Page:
It amazes me how many Classic Rock fans have never heard of Houston’s The Bubble Puppy. Granted, they were one-hit wonders, but their hit, “Hot Smoke And Sassafras,” crashed through the Billboard Hot 100 national chart in early 1969.  It stayed there for 12 weeks, peaking at #14, while topping the charts locally in both New York and Chicago. The song is ultra-high energy and rocks out at 165 Beats Per Minute, embodying elements of Garage Rock, Hard Rock, Psychedelic Rock, and to some degree, the high-energy side of Proto-Punk. Whether it’s old or new, discovering great music is always a special treat for me.

Here’s a little more about the band so you can officially say you’re familiar:

In 1966, guitarist Rod Prince and bassist Roy Cox (both formerly of The Bad Seeds) formed The Bubble Puppy in San Antonio, TX. The band name came from “Centrifugal Bumble-Puppy,” a fictitious game in Aldous Huxley’s Brave New World, and the title of their hit single came from a misheard line in The Beverly Hillbillies.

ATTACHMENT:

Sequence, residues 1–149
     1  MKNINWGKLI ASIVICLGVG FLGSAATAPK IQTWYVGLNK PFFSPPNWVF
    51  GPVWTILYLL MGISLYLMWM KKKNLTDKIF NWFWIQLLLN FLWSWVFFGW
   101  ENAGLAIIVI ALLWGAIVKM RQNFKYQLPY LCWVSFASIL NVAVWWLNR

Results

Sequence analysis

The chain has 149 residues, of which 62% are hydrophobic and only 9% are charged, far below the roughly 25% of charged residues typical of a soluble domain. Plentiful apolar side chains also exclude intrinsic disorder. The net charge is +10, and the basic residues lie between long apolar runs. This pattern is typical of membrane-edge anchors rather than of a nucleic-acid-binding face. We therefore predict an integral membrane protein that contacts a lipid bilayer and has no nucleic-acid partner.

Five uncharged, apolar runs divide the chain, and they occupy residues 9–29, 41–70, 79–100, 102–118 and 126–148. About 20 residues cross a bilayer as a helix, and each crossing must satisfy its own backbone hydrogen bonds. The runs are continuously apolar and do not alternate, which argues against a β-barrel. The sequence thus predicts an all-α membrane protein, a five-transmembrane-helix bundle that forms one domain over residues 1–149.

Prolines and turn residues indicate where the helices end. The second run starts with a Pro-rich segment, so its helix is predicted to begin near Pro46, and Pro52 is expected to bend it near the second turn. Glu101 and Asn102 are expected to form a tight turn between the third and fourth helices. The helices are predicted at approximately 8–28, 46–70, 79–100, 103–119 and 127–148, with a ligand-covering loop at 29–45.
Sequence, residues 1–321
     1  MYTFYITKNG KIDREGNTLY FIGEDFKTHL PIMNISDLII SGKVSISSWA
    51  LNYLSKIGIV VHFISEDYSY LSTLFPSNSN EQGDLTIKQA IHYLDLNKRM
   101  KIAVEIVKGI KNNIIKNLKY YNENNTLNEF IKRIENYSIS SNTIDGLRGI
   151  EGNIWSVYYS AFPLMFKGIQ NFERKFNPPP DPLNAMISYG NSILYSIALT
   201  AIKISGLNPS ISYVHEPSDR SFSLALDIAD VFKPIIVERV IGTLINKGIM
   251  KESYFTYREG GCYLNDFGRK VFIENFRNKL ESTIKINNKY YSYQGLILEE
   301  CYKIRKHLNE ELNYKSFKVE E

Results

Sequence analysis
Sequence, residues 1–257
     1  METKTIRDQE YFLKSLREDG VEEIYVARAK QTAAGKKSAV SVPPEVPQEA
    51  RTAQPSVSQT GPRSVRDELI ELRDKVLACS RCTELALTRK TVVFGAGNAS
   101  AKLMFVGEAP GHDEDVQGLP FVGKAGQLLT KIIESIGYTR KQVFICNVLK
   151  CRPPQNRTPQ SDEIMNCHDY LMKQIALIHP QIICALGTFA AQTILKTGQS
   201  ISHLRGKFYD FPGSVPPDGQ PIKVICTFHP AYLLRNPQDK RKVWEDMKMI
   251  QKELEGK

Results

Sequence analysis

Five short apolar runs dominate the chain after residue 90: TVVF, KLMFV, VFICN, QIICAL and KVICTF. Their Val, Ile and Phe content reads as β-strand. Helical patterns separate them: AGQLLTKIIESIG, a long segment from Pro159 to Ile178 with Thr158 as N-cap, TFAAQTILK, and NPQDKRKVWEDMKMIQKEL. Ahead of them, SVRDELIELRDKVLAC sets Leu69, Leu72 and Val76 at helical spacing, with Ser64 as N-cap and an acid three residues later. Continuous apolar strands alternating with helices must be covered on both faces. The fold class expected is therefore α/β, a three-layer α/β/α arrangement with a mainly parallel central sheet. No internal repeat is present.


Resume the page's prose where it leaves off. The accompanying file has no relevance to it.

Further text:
The Bubble Puppy relocated to Austin, TX in 1967 after closing a deal with the independent record label International Artists, whose roster included bands such as 13th Floor Elevators. The same year, Rod Prince and Todd Potter debuted the use of twin lead guitars in their live performances. Two years later, the Allman Brothers, would begin using the same technique to much fanfare.

The Bubble Puppy only cut one studio album, 1969’s A Gathering Of Promises (on the International Artists label). Despite their lack of commercial success, the band are known as trail blazers in the Rock music world of the late 60s and early 70s, and are still influential today. They can also be heard in high-rotation on Mood’s Rock Show program.

– Submitted by Bill Spencer, Music Design